Animals & Wildlife Magazine

Lemurs Eavesdrop Their Way to Safer Futures

By Frontiergap @FrontierGap

In a recent study situated in Ankarafa forest in Madagascar, a diurnal and nocturnal species of Lemur has been shown to have the ability to interpret other species alarm calls in order to protect themselves. This is the first study of its kind on this species of lemurs and has marked an important breakthrough in the anti-predator behavior of these solitary mammals.  

Lemurs eavesdrop their way to safer futures

Picture courtesy of R.Hilgartner

There is little known about the Sahamalaza sportive lemur (Lepilemur sahamalazensis) with the exception that they are critically endangered in the wild. Therefore this recent study is incredibly important as it gives scientists more information on the anti-predatory behavior of these mammals.  In studies on other mammals it has been shown that generally, avoidance of predators governs most of their behavior and this has been verified in other species such as a variety of birds and squirrels.

This particular species of lemur is both solitary, diurnal and nocturnal therefore they have a higher risk percentage when concerned with predation as it is a well known fact that animals are more able to protect themselves from predation if they are in a social group. Also as they rest in open top areas during the day this also leaves them more vulnerable to predation. Therefore taking into account these factors, the study used alarm calls of the Crested Coua and the Madagascar magpie robin, and aerial, terrestrial and agitation calls from the blue eyed black lemur which were played to the lemurs and any reactions were noted down. The lemurs showed increased vigilance following the alarm and aerial calls and in particular it was shown they could differentiate the aerial calls as they were seen to scan the skies after the call was made and did not look at the ground at all.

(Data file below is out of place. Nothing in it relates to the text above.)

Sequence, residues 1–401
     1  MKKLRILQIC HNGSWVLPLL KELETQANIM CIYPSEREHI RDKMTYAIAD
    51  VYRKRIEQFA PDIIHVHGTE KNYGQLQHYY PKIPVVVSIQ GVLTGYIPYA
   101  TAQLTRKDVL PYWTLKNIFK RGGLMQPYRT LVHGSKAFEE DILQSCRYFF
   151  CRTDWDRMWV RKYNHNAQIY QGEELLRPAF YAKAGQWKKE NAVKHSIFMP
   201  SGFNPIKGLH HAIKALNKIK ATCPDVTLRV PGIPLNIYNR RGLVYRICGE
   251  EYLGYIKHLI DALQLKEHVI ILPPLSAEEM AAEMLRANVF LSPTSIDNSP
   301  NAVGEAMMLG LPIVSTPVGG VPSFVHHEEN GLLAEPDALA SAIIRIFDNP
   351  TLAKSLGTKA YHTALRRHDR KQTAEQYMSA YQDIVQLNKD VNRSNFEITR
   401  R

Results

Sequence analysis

Although there was no reaction to the agitation calls, the scientists hypothesized that this was because animals show agitation calls during many different activities such as excitement over food and aggression amongst themselves.

Then using song calls as a method of control they then witnessed the levels of vigilance decrease amongst the lemurs as they correctly interpreted that if the other mammals are singing then there are no predators about.

One of the authors of the study Marc Holderied from the University of  Bristol released a statement about the study saying “Until our study, a solitary and nocturnal lemur species had never been tested to see if it could understand other species' alarm calls and differentiate between them,"

They are unsure as of the moment if this ability to differentiate between different mammals alarm calls is a learned behavior or if they can interpret specific tones from the call. This means that further research on these fascinating creatures is sure to follow, to be able to build up our knowledge on this species and hopefully prevent future extinction.

Find out about the Madagascar Wildlife Conservation N.G.O Internship Project

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